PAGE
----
construction. The differences are mainly in pressure plate assemblies, linkages, and overall size.
Of the different types of clutch assemblies, the one shown in figure 7-8 is known as the plate clutch. The plate clutch is a simple clutch with two plates and one disk, clamped between the two plates. Another type (fig. 7-9) is the double-disk clutch. The driving members of the single-disk clutch consist of the flywheel and driving (pressure) plate. The driven member consists of a single disk splined to the clutch shaft and faced on both sides with friction material. When the clutch is fully engaged, the driven disk is firmly clamped between the flywheel and the driving plate by the pressure of the pressure plate springs, and a direct, nonslipping connection between the driving and driven members of the clutch is formed. In this position, the driven disk rotates the clutch shaft to which it is splined. The clutch shaft is connected to the driving wheels through the power train.
The double-disk clutch is substantially the same as the single-disk clutch described in the section above, except that an additional driven disk and intermediate driving plate are added.
For more basic information concerning clutches refer to your Construction Mechanic 3&2 TRAMAN NAVEDTRA 10644-G1.
Figure 7-8. - Single-disk clutch assembly.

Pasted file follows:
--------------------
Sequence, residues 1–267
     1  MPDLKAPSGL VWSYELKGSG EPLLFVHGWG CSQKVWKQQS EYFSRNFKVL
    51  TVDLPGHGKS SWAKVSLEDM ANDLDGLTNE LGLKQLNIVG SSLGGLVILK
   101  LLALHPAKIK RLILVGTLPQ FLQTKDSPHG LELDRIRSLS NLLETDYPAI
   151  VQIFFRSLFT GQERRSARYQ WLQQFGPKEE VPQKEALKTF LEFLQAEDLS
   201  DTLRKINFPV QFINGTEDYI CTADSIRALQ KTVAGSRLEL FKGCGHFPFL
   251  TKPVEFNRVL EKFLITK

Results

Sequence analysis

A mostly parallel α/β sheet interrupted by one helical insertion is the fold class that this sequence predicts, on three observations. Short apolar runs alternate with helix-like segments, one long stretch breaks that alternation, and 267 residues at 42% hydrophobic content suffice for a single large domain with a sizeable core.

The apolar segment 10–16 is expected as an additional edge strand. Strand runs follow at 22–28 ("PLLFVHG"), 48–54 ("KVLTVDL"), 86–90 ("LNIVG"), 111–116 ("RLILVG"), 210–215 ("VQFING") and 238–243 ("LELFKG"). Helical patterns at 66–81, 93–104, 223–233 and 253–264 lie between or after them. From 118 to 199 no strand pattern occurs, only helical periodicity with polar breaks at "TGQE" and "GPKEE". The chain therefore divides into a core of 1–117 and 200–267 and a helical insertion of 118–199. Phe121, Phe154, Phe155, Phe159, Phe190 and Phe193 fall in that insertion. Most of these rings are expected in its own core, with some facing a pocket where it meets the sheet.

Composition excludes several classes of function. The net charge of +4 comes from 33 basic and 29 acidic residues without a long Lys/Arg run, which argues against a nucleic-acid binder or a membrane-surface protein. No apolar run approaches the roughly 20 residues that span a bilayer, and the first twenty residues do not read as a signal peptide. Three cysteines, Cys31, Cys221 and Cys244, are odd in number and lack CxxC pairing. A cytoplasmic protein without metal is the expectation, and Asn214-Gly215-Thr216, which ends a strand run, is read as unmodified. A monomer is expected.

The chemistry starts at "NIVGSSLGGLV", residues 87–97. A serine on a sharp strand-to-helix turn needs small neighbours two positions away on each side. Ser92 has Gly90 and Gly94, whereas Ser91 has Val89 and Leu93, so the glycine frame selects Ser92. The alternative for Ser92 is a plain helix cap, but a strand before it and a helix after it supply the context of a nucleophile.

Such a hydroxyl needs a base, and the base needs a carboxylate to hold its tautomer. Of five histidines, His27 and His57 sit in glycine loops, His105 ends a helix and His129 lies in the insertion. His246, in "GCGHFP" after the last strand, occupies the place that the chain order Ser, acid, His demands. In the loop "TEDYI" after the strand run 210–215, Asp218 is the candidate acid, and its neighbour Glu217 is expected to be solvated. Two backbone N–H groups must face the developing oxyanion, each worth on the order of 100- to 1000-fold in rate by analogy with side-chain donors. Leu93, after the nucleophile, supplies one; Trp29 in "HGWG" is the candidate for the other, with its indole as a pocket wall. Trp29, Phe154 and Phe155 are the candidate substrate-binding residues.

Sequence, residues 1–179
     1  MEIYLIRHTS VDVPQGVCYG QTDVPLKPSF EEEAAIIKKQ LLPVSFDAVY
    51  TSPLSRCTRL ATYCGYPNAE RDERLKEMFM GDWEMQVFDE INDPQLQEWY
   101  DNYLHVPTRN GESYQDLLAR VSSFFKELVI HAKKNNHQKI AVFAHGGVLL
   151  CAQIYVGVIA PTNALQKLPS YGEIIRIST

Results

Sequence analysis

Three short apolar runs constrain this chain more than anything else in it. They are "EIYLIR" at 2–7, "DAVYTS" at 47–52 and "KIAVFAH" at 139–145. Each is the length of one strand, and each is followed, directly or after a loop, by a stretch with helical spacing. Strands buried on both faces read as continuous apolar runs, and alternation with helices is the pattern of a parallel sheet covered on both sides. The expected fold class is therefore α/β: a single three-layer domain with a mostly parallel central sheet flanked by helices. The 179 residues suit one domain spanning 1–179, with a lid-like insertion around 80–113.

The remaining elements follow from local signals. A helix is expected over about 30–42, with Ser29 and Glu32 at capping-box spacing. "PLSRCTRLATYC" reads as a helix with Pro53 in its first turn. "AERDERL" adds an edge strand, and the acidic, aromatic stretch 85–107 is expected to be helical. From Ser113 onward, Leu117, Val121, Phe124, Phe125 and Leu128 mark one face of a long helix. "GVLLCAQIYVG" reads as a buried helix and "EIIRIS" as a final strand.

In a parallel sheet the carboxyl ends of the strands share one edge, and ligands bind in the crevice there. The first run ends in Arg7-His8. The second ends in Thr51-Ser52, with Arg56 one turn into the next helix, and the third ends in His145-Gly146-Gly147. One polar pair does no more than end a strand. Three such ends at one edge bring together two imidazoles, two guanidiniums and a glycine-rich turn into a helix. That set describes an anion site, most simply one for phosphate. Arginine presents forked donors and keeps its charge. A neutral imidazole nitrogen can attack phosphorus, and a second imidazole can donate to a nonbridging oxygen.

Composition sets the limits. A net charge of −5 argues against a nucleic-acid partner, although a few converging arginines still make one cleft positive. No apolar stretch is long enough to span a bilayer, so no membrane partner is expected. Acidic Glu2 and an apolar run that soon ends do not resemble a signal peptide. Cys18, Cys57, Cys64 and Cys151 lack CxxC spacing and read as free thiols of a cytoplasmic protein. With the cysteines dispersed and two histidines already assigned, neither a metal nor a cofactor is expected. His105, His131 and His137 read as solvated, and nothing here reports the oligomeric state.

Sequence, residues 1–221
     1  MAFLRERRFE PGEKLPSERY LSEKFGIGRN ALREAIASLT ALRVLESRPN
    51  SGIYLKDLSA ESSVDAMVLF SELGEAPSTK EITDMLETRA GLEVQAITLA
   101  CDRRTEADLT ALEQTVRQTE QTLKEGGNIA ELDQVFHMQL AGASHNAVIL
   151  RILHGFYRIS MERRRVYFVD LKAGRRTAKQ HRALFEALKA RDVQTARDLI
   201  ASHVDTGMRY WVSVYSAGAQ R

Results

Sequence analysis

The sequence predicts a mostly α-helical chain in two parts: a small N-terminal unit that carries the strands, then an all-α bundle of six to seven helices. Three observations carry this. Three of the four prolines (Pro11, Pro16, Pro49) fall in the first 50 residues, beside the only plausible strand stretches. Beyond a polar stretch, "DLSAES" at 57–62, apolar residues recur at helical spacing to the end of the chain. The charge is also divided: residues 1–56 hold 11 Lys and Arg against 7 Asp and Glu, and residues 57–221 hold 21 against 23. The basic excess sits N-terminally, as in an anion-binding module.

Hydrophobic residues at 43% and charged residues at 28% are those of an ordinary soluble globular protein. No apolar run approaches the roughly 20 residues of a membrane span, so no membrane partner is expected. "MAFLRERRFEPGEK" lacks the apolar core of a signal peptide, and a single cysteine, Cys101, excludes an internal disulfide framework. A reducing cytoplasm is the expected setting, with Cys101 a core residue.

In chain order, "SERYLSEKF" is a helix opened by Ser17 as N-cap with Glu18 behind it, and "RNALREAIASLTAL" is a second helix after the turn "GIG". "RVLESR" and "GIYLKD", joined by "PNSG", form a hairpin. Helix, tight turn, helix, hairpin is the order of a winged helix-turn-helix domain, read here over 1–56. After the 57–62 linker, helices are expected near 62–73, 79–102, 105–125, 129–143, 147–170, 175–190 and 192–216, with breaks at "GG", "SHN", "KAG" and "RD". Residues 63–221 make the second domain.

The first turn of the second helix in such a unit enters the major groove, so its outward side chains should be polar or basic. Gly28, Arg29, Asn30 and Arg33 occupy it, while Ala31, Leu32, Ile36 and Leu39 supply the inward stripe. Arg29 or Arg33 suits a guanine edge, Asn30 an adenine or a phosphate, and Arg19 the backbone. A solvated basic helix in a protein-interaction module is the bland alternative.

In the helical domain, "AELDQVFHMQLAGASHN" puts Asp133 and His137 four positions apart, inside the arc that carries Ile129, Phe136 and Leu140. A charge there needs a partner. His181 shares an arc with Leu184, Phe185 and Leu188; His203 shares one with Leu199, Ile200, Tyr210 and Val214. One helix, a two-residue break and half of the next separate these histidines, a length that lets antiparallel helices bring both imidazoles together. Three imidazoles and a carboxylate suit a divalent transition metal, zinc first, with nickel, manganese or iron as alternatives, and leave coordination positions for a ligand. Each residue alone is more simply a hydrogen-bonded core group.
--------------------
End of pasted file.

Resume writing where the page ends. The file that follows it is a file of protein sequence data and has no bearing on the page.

Figure 7-9. - Doubledisk clutch assembly.
The information given in this section is general and may be applied to nearly every type of clutch you are likely to encounter. Refer to the manufacturer's repair manuals for problems not listed here.
The most common symptoms of clutch malfunctions are dragging, slipping, and noise. Improper adjustment is one condition that leads to clutch problems. You should always adjust the clutch according to the manufacturer's specifications. An improperly adjusted clutch can cause clutch slippage and hard shifting.
This condition results when the clutch disk does not completely disengage from the flywheel or pressure plate when the clutch pedal is depressed. As a result, the clutch disk tends to continue turning with the engine and attempts to drive the transmission.
Dragging may be caused by any of the following conditions:
1. Excessive free travel in the clutch linkage.
2. The clutch disk binding on the transmission input shaft.
3. A warped or damaged pressure plate.Continue Reading